English Ph.D. Dissertations


Fostering Language Diversity through Classroom-Based Writing Assessment Practices

Date of Award


Document Type


Degree Name

Doctor of Philosophy (Ph.D.)


English (Rhetoric and Writing) PhD

First Advisor

Lee Nickoson (Advisor)

Second Advisor

Kristine Blair (Committee Member)

Third Advisor

Sue Carter Wood (Committee Member)

Fourth Advisor

Catherine Cassara (Committee Member)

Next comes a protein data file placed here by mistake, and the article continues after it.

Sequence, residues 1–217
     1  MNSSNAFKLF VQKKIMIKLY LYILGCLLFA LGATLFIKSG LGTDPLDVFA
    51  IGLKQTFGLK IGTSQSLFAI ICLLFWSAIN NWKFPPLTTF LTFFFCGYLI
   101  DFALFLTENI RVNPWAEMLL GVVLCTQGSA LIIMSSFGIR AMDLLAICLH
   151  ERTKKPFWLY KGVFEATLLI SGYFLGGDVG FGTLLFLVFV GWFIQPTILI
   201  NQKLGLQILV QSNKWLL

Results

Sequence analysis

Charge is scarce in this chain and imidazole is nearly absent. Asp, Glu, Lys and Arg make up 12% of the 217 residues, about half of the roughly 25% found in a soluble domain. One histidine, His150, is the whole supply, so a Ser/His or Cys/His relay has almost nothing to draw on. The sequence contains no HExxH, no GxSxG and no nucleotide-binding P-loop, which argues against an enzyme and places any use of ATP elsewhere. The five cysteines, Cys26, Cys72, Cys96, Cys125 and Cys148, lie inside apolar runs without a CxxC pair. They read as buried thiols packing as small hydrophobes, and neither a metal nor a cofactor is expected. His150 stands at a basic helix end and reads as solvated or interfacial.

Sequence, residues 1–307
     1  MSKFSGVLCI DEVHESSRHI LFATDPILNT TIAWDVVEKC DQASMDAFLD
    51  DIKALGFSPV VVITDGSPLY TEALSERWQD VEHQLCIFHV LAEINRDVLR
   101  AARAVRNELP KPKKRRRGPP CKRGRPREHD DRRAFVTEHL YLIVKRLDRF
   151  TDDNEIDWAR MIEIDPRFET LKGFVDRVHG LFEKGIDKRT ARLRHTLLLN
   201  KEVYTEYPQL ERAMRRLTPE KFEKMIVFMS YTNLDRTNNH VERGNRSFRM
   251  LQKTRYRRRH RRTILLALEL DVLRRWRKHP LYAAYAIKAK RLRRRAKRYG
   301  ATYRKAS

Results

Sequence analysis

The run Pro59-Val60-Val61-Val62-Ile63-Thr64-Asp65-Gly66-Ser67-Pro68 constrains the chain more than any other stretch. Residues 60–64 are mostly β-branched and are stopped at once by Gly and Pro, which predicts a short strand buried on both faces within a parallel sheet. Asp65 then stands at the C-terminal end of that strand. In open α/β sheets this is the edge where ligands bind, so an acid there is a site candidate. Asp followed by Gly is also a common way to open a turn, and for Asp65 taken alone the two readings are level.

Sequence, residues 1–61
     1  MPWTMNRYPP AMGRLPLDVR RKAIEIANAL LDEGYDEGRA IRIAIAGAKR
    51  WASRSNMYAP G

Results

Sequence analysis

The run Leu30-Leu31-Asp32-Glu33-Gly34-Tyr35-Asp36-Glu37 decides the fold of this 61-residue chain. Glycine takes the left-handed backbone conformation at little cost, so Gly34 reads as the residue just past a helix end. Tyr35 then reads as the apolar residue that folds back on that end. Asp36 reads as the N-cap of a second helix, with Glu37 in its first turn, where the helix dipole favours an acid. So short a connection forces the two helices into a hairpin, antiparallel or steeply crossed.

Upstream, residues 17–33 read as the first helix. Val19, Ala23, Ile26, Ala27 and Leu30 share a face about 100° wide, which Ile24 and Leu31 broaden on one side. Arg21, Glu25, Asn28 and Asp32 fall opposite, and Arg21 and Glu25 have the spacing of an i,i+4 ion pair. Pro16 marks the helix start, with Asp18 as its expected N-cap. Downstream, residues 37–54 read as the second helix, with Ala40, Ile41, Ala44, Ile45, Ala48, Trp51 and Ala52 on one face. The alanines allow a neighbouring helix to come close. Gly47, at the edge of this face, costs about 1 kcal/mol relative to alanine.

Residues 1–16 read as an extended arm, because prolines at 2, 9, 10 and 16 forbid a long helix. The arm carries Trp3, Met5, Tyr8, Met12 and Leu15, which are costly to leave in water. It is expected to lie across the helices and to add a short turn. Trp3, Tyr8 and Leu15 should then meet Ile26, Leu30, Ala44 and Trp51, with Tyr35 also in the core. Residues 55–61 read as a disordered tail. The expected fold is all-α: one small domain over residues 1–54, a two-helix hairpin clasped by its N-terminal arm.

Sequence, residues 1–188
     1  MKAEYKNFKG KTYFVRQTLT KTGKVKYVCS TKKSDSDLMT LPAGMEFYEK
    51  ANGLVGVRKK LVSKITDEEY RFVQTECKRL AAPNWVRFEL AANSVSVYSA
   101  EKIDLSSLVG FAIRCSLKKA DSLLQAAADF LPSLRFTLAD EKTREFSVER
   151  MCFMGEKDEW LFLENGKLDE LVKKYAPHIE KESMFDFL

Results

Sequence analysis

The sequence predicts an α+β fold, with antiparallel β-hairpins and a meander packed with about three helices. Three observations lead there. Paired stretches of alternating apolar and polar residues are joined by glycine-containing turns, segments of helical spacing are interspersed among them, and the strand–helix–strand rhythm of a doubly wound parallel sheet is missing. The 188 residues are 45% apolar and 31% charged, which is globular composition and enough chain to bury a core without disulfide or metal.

Scholars such as Diane Kelly-Riley and Patricia Bizzell have argued that the student writing feature most likely to place a student into a basic writing course is the presence of dialect other than standard academic English. My dissertation examines this notion and pushes further: if this is true, what are instructors doing to address and assess varieties of English in the first-year writing classroom? What is error to a first-year writing student? What is error to an instructor of first-year writing? To answer these questions, I conducted a semester-long participant observation of two sections of first-year writing, also considered basic writing preparatory courses, in the Fall 2012 academic semester to examine how instructors assess varieties of English. I conducted student surveys twice during the semester to gather student feedback; I also interviewed the instructors near the end of the course to gain additional input. Feminist research methodologies influenced my project; I frequently asked my participants to provide feedback and offered opportunities to review my data through the creation of a dissertation website. After a grounded theory analysis of the data, I found that students internalized the assessment language used by instructors and that this language, paired with the writing models used by instructors, shaped students' values on writing. To better emphasize the contextual nature of writing, instructors might utilize diverse writing models and rubrics that vary based on the writing assignment.